“It was only a kiss, how did it end up like this?”: Matt Hancock Resigns Over Affair Scandal

The opinions expressed in this piece are that of the author and are not representative of the views of The Hysteria Collective as a whole.

When Matt Hancock’s affair scandal broke yesterday, social media erupted with memes and pleas for his resignation. Finally this evening, he announced that he was stepping back from his role as Health Secretary, while thanking the nation for all their hard work over the past eighteen months.

The country now has to ask whether this is enough. The scandal displays a complete dissociation between the government and the public it exists to serve. How could this happen? How could somebody with so little consideration and respect hold a central role during a time of such tragedy and uncertainty?

Hancock may have been forced to realise the errors of his ways, but many wanted to see Boris Johnson fire him, and strip him of the dignity of a resignation. The Prime Minister’s response was to thank Hancock for his hard work and achievements throughout the pandemic. He even claimed he was ‘sorry’ to see Hancock go. This is a far cry from the accountability that should be expected from an error of this scale.

Hancock led the UK through coronavirus, becoming a particularly familiar face through countless briefings and interviews. His policies, especially those on social distancing, haven’t always been met with open arms – but a video leaked by The Sun officially confirmed that he hasn’t been following his own advice.

The incriminating footage showed him embracing his aide Gina Coladangelo, kissing her against a closed office door and readjusting himself afterwards as the pair smiled. It is claimed the clip was taken on 6 May from CCTV.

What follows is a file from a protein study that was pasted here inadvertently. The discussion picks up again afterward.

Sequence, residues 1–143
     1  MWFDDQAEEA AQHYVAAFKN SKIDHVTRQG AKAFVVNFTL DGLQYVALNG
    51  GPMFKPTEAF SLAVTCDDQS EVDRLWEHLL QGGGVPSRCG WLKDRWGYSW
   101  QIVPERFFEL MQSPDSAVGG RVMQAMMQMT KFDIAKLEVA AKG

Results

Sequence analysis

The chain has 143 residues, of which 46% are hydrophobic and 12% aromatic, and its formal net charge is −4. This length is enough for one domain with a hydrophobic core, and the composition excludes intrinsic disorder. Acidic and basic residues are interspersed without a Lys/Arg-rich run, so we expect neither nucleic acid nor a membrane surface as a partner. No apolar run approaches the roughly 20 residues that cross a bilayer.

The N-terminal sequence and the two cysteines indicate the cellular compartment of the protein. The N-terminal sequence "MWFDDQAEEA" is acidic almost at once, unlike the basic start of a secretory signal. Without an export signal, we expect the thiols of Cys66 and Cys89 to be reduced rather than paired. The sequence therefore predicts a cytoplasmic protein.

Both Hancock and Coladangelo are married with three children – but according to numerous press reports, their respective partners have broken their marriages off since the news broke. Because of the personal costs of the affair, some Hancock supporters have attempted to play it off as a private matter between the two and their immediate circles. But this time, the public did not accept that excuse.

When scandals like these happen in government, it is not private or personal. Our government is supposed to represent us, protect us, and serve us. In pursuing this affair, not only has he undermined his own rules on social distancing and engaged in an extramarital affair while at work, Hancock has also disrespected the entire population.

Since March 2020, people have been separated from loved ones by masks and isolations, and have even been unable to say goodbye from hospital beds. Elderly people sat in residential homes for a year without having access to familial contact, and key workers have strived endlessly to care for us with no reward except a weekly clap. Treatments, including chemotherapy, were postponed or even cancelled due to pandemic restrictions, costing even more lives because of poor governing.

At least 128,000 families have been torn apart by the virus that Matt Hancock should have been protecting them from. But he can still happily smile as he kisses a member of his staff in the building designed to protect the public.

Beyond this, the affair raised serious questions about corruption within government – Coladangelo’s brother, Roberto, is an executive at a private healthcare company which has secured large NHS contracts. It encourages the suggestion that the jobs were not offered to those who could provide the best service to the country, but to those the politicians wanted to please on a personal level.

Members of Hancock’s own party spoke out against him, for his lack of empathy and responsibility – but not as many as would be expected after such a regrettable revelation. North Norfolk MP Duncan Baker was the first Conservative to insist on Hancock’s resignation, for ‘fall[ing] short’ of the ‘appropriate morals and ethics’ that come with his role.

Moving on, as Hancock is replaced by former Home Secretary Sajid Javid, and the world reflects, it’s unclear how much will change. But the bottom line is that these incidences should not have a place in a modern democracy.

We should be led by a team who prioritises the wellbeing of the people, and who act in their best interests. Secret favours and self-serving scandals need to be left behind, and consequences need to be given to those who cannot honour the job.  

Image courtesy of Jordhan Madec.

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